Scientists to provide real-time genomic sequencing data on Ebola, MERS
- In an effort to combat two of the deadliest viruses in the world, British scientists are launching an initiative in which labs worldwide will sequence viral genes as new cases of Ebola and Middle East Respiratory Syndrome (MERS) are diagnosed.
- The British scientists will be collaborating with scientists at labs in Saudi Arabia and West Africa—the hot spots for MERS and Ebola, respectively.
- This project is funded by the Wellcome Trust Global Charity..
In terms of infectious diseases, collaborative efforts are important because of the way these diseases spread and are transmitted. Both MERS, a coronavirus which has killed more than 430 people, and Ebola, which has killed at least 10,000 people, are ideal targets for this type of effort.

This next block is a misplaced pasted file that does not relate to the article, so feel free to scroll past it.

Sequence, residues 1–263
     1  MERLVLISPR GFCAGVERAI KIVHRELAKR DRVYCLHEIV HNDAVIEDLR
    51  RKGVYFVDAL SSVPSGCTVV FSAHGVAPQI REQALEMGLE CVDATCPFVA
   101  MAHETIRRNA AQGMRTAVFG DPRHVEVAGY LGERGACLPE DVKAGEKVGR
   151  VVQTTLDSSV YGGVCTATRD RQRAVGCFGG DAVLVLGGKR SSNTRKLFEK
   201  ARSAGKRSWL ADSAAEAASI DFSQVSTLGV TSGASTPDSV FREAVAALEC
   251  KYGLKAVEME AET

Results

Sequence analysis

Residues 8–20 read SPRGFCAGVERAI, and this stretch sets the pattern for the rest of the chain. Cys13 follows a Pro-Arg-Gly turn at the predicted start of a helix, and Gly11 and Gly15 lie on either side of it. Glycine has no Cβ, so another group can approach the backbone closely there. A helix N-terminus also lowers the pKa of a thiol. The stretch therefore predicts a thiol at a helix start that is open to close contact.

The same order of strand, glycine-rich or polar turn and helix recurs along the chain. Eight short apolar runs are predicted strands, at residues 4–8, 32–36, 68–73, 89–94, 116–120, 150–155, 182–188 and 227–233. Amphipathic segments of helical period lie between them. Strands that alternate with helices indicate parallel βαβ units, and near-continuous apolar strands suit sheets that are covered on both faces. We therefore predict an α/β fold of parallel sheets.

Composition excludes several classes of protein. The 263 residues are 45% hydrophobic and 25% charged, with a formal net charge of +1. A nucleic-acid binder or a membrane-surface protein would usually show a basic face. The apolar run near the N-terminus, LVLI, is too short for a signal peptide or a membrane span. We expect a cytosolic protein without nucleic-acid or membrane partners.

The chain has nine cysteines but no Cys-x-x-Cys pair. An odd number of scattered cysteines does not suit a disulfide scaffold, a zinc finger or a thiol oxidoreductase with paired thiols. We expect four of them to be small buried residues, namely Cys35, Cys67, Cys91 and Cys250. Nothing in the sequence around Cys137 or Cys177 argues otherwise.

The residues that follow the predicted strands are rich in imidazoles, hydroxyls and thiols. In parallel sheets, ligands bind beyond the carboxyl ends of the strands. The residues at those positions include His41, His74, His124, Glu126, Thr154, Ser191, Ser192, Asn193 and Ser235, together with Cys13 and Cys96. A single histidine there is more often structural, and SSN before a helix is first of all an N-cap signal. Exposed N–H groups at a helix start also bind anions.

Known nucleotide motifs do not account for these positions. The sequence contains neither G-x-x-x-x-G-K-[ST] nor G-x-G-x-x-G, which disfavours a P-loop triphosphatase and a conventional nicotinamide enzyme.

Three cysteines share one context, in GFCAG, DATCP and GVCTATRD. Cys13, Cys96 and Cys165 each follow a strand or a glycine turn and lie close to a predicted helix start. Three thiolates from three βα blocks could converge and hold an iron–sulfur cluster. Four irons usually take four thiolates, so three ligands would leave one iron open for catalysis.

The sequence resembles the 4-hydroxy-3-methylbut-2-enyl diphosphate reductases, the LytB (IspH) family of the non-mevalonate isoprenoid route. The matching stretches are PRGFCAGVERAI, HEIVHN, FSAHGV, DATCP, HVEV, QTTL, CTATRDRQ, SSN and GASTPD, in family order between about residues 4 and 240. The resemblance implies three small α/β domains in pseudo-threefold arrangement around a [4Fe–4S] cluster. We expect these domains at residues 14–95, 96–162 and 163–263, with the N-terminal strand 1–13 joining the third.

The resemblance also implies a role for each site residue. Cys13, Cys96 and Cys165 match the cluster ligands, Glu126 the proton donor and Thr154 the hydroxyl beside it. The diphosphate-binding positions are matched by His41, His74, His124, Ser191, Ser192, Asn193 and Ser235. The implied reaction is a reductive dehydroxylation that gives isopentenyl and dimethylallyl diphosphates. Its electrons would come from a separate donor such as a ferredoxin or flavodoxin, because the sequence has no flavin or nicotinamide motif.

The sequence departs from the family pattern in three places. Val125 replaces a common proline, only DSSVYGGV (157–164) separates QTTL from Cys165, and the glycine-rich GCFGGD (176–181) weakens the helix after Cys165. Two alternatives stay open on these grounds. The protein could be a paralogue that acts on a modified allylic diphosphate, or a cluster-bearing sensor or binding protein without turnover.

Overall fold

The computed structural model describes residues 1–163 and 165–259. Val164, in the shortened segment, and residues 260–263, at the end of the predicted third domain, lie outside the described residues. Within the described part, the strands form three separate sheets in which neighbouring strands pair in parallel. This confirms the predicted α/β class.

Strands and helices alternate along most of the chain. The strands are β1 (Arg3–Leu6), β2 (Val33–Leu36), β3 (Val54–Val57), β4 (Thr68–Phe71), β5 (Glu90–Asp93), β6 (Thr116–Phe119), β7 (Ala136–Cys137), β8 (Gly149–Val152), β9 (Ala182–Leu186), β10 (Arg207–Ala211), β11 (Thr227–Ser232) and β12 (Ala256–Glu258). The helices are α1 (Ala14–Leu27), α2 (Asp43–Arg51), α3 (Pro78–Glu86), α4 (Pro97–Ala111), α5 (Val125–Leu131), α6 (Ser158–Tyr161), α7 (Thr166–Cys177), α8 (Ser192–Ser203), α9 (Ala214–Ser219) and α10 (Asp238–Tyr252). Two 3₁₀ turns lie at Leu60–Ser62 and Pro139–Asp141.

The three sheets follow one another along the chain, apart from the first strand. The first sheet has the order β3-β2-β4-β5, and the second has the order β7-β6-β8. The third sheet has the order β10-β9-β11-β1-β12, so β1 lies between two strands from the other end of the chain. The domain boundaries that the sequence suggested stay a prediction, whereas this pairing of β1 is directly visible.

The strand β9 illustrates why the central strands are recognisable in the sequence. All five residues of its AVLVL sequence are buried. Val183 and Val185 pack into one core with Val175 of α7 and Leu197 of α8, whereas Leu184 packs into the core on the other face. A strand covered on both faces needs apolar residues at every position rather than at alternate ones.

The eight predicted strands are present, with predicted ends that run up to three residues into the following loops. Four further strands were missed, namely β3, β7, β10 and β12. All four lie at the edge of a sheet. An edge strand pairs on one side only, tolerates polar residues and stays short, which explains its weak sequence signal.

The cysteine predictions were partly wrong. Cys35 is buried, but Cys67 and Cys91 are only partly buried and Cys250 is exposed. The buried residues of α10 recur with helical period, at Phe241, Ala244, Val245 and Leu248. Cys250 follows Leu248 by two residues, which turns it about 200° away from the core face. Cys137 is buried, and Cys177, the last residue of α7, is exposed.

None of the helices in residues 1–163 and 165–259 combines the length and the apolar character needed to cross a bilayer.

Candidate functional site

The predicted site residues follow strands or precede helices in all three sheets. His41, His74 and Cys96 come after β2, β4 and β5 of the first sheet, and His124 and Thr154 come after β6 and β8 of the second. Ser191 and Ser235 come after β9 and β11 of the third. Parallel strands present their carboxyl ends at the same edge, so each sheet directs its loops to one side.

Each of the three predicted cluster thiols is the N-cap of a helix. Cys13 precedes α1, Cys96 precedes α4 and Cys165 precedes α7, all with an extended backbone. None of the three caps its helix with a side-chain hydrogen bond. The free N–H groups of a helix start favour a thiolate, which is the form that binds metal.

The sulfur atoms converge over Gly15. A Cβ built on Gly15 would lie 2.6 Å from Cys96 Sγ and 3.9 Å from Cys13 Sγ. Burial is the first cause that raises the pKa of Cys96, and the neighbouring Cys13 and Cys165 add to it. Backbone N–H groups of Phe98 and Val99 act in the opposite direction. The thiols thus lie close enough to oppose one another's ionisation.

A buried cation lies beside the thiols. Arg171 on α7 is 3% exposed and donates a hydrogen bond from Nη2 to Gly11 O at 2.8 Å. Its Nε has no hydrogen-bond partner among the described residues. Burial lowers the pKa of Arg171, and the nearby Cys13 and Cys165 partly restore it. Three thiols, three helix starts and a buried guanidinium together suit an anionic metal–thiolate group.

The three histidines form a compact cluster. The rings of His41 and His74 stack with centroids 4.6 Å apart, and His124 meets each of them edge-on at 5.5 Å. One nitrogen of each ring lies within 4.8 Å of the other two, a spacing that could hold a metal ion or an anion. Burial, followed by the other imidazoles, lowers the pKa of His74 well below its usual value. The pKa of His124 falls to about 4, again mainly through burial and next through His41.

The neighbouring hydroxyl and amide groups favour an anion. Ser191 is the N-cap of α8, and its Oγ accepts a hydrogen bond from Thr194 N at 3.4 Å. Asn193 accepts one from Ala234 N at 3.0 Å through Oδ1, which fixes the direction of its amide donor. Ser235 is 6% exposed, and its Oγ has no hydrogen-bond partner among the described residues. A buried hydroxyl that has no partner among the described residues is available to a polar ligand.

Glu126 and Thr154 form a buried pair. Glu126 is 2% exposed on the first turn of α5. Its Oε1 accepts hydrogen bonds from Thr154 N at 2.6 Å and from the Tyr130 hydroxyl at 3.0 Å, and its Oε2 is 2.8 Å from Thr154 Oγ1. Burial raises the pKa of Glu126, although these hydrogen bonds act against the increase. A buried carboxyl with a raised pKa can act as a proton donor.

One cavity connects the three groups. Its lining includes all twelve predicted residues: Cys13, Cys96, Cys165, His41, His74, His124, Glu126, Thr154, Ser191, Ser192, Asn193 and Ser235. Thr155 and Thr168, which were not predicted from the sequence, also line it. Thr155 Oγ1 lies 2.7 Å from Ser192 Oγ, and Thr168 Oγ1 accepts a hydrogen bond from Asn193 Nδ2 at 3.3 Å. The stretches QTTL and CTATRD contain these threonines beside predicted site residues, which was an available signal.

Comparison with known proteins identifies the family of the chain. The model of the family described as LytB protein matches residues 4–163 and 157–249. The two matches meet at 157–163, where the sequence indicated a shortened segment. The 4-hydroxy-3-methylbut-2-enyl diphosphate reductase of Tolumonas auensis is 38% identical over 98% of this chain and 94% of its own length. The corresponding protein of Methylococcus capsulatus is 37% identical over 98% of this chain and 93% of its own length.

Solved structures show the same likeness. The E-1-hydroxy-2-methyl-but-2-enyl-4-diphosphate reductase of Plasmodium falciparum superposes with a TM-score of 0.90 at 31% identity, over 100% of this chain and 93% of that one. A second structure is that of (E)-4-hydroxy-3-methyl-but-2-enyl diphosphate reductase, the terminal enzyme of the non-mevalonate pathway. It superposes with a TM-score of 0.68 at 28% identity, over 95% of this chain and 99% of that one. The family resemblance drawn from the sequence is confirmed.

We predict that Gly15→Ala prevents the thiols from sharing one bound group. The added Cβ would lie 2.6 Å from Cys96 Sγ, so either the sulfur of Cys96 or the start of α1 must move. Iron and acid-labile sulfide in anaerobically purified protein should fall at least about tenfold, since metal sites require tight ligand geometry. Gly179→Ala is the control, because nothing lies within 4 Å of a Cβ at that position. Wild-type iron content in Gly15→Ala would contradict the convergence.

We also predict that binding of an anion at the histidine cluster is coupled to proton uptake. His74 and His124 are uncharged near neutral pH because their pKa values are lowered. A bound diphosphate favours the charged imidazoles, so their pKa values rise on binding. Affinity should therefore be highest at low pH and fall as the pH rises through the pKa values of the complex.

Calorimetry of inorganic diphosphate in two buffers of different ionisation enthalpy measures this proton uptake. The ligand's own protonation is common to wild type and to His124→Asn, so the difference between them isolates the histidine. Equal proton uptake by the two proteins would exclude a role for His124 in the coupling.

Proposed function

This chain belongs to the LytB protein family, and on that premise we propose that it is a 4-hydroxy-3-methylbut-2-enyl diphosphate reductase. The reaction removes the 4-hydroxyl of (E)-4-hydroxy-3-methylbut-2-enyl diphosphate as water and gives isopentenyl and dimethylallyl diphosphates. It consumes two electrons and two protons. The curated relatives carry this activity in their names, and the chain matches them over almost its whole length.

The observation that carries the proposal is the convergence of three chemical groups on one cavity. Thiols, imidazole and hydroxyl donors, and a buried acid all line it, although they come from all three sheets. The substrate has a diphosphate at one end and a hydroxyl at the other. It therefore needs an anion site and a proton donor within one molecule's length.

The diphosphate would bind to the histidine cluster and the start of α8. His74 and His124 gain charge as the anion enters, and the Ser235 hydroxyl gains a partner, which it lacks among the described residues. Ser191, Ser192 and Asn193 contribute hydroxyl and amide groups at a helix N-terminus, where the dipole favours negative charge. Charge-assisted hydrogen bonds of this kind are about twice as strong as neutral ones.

Genetic surveillance allows scientists to track a virus as it changes. With the understanding that certain changes have diagnostic and transmission-related implications, scientists can then suggest strategies to better diagnose and contain an infectious virus.
One of the most important aspects of this project is the fact that the data will be freely shared among scientists and other stakeholders. Widespread availability of viral genome sequences could be the key to stopping an epidemic outbreak before it starts.